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Prince Edward County fearful construction of wind turbine farm could begin this weekend  

Credit:  By Nikki Jhutti and Paul Soucy | Global News | September 6, 2017 | globalnews.ca ~~

Wind turbines and Prince Edward County don’t mix. That’s the message coming from the mayor and county councillors.

The county is, once again, trying to stop the creation of a wind turbine farm, this time in South Marysburgh.

“We have become rich and famous with our history, our heritage, our culture, our tourism. We receive upwards of 1.5 million visitors per year and we feel the presence of industrial wind turbines will be very detrimental on that part of our culture,” said Prince Edward County Mayor Robert Quaiff.

Back in 2009, WPD introduced The White Pines Wind Project. The original plan was to construct 29 turbines near the south shore community of Milford.

County council was against it then and still are now. The project has since been scaled down to nine turbines.

But councillors, like Steve Ferguson, still want the project axed, saying residents are angry and frustrated. Ferguson adds the location of the wind turbines will have a profound effect on the community.

“Mount Tabor church, which is a historic, designated property; Looming over that is going to be a very large, 500-foot turbine, there will be other turbines visible behind that. It is also the fairgrounds, it is used as a public space and the distraction that will be evident and the noise, and the vibration that will come from that turbine is going to have a profound effect on that as a gathering space,” said Ferguson.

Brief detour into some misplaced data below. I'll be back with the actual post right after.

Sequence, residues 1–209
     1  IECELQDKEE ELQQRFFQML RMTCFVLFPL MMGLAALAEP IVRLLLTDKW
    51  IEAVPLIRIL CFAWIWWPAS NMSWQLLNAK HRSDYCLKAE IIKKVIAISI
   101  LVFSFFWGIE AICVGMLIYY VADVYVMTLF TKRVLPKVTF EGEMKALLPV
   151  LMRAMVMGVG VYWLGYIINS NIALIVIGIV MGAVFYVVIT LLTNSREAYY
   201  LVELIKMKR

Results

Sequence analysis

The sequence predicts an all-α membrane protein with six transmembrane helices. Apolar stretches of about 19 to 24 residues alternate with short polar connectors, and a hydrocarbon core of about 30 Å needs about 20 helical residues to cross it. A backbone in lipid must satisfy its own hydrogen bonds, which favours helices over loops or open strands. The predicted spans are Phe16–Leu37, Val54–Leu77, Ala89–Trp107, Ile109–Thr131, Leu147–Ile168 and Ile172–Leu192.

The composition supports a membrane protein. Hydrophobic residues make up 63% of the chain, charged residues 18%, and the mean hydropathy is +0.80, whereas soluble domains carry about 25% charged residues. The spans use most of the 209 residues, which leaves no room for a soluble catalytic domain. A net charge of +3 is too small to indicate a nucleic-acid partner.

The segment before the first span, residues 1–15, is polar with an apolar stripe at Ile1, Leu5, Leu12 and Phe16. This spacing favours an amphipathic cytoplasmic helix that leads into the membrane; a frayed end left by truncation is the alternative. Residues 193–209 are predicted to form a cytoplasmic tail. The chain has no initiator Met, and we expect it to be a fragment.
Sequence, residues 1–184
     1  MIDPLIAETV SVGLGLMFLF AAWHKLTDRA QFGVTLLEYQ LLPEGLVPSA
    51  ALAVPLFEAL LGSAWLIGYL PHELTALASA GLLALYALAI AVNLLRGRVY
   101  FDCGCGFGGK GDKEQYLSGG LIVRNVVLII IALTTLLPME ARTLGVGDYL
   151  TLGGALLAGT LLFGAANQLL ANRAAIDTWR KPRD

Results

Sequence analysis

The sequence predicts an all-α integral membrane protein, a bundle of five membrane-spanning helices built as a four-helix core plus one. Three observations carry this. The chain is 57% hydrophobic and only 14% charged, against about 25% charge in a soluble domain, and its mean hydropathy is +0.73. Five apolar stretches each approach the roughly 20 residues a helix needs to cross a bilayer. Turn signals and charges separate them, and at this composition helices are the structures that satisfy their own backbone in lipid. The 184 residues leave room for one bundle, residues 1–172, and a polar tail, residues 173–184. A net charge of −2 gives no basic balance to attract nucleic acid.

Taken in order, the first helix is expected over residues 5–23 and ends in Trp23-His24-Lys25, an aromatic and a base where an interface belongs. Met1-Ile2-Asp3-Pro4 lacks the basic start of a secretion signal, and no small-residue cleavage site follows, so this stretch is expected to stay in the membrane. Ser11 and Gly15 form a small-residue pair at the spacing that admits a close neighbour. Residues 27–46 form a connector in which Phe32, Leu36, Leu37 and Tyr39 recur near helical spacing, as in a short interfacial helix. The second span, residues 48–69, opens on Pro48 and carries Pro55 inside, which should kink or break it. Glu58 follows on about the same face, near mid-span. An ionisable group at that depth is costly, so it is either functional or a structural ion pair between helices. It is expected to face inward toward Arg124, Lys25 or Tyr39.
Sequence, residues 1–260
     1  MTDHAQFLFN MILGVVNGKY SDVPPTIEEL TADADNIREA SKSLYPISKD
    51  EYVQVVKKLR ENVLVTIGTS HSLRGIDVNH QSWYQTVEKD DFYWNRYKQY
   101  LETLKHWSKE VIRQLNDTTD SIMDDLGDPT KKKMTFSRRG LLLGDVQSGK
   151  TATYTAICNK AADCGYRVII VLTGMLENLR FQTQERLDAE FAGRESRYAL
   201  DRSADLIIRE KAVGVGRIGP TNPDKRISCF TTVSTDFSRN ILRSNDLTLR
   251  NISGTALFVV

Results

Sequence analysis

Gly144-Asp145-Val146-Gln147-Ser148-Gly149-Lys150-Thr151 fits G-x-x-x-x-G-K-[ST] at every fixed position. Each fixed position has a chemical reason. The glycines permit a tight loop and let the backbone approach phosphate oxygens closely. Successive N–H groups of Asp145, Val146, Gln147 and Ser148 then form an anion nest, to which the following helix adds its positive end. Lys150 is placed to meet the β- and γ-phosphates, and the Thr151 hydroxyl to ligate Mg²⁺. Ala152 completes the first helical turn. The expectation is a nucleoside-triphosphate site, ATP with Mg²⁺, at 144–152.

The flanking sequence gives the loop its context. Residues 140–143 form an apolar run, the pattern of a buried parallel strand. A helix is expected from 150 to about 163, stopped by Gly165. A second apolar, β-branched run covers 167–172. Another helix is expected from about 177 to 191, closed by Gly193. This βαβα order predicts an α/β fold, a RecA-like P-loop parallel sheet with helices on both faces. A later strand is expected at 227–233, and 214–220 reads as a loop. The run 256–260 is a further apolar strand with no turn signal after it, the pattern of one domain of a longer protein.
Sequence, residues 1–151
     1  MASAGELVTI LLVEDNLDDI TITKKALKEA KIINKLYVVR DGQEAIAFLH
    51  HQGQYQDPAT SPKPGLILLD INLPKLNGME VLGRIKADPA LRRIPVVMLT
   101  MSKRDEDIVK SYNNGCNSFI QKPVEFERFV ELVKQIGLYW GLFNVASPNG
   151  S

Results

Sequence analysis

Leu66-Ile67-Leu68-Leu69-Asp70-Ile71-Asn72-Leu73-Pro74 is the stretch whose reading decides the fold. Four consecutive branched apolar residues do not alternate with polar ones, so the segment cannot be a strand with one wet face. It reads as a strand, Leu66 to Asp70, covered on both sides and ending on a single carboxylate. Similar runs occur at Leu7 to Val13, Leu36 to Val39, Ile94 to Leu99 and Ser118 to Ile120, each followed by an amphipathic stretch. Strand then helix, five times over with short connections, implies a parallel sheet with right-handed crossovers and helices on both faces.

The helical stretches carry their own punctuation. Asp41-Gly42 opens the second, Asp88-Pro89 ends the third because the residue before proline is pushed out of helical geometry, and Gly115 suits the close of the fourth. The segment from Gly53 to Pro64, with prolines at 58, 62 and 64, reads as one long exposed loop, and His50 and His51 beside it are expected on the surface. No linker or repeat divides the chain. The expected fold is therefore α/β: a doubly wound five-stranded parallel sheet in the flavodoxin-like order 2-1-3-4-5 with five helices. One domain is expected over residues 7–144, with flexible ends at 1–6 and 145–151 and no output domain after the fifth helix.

In addition to scaling back the number of turbines, the province also reduced the output to 23 megawatts, down from 60. But the project still has the green light and construction could begin as early as this weekend.

There are talks the community may hold protests in response to the construction. Quaiff is appealing to WPD to do what he says is the right thing.

“It looks as though it’s doom and gloom and that they are going to start moving the equipment in,” said Quaiff, adding, “I can’t imagine that the nine turbines is going to be financially sustainable for them so do the right thing and cancel those contracts and move on.”

WPD has yet to respond to our request for comment. But according to the mayor, the Mississauga-based company has threatened legal action if road access and building permits are denied.

Source:  By Nikki Jhutti and Paul Soucy | Global News | September 6, 2017 | globalnews.ca

This article is the work of the source indicated. Any opinions expressed in it are not necessarily those of National Wind Watch.

The copyright of this article resides with the author or publisher indicated. As part of its noncommercial effort to present the environmental, social, scientific, and economic issues of large-scale wind power development to a global audience seeking such information, National Wind Watch endeavors to observe “fair use” as provided for in section 107 of U.S. Copyright Law and similar “fair dealing” provisions of the copyright laws of other nations. Send requests to excerpt, general inquiries, and comments via e-mail.

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